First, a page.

; ; ;
1 Forest, Nature and Biomass, Department of Geosciences and Natural Resource Management, Faculty of Science, Københavns Universitet 2 Southern Swedish Forest Research Centre, Swedish University of Agricultural Sciences 3 Department of Forest Economics, Swedish University of Agricultural Sciences 4 Forest, Nature and Biomass, Department of Geosciences and Natural Resource Management, Faculty of Science, Københavns Universitet
biological, economic and environmental constraints and possibilities
Forests of northern ecosystems respond slowly to management activities and the possibilities to increase the growth in a short-term perspective and meet swift increases in society's demand for biomass are small. An exception among the silvicultural measures is fertilization which can be applied in combination with present management systems and, almost instantly, enhances forest productivity. There may, however, be both economic and environmental constraints to large-scale applications of fertilizers in forest. Here we review the literature concerning biomass production of forests under different fertilization regimens, environmental constraints and possibilities in northern forests on mineral soils. Further on we discuss the implications of both extensive and more intensive fertilization in relation to the developing bioeconomy, which encompasses the production and conversion of renewable biological resources into food, health and industrial products and energy. Fertilization in Sweden and Finland is currently practiced by extensive fertilization regimens where nitrogen fertilizers are applied once, or up to three times, during a rotation period, mainly in mature forest. This type of fertilization gives, in most cases, a small and transient effect on the environment as well as a high rate of return to the forest owner with low-economic risk. The increase in biomass production, however, is relatively small and consequently the impact on the processing industry and the bioeconomy is limited. More intensive fertilization regimens implying intensive fertilization starting in young forests may, on the other hand, considerably increase the biomass supply and value for the industry. The economic and environmental risks of this type of fertilization may, however, be larger and more research is needed on the effects on the stand level, and especially on the landscape level, including late rotation management of the forest. © 2014 © 2014 Taylor & Francis.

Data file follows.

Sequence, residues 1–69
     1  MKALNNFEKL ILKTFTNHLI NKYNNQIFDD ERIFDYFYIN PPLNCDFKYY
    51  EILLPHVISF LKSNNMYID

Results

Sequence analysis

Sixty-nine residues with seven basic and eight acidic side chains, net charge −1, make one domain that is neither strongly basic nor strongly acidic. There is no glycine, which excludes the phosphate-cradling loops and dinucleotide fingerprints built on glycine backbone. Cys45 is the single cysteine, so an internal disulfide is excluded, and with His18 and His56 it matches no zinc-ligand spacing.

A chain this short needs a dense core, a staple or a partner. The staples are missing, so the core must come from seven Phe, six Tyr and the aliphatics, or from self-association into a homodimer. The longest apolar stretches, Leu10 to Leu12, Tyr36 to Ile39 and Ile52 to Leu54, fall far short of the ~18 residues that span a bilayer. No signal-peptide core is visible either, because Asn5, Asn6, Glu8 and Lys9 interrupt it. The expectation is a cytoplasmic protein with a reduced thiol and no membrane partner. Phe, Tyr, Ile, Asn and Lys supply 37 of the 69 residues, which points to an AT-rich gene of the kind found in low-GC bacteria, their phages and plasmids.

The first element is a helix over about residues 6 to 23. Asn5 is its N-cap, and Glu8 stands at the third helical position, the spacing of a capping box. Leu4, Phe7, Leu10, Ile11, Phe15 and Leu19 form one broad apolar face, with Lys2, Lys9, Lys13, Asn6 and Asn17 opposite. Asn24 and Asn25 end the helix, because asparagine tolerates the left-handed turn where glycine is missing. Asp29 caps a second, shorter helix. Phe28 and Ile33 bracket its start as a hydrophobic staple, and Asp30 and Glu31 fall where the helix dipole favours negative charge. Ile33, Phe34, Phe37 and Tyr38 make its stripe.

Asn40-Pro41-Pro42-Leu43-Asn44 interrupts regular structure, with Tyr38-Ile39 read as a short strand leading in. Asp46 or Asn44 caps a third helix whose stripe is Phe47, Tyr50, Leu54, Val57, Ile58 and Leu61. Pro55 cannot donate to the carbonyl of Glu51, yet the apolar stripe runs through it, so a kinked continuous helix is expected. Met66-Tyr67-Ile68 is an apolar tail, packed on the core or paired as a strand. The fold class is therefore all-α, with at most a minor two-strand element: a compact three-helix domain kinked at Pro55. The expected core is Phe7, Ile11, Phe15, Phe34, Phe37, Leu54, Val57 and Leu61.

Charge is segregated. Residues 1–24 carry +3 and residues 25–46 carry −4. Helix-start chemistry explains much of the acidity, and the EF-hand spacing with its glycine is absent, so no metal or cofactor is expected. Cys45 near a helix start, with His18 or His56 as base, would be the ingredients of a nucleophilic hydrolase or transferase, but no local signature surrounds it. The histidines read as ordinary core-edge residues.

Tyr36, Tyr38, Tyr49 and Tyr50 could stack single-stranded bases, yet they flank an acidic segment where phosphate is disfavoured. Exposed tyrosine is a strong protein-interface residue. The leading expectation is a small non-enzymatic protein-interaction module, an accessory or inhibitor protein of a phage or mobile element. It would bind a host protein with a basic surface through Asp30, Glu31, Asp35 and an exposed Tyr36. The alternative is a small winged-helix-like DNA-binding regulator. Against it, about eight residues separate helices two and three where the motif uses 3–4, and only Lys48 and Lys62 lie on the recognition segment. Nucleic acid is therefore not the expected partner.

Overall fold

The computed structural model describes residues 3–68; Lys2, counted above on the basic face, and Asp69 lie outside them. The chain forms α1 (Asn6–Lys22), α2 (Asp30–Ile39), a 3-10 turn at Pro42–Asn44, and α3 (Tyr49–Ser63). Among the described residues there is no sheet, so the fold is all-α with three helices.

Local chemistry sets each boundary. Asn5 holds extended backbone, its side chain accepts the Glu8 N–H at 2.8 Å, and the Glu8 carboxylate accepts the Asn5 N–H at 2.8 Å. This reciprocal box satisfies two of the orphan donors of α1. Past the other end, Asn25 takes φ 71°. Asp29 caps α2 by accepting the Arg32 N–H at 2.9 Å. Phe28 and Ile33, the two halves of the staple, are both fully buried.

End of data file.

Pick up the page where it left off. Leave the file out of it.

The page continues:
Scandinavian Journal of Forest Research, 2014, Vol 29, Issue 4, p. 301-311
fertilization; forest economics; forest management; nutrient addition; plantation forestry
Main Research Area: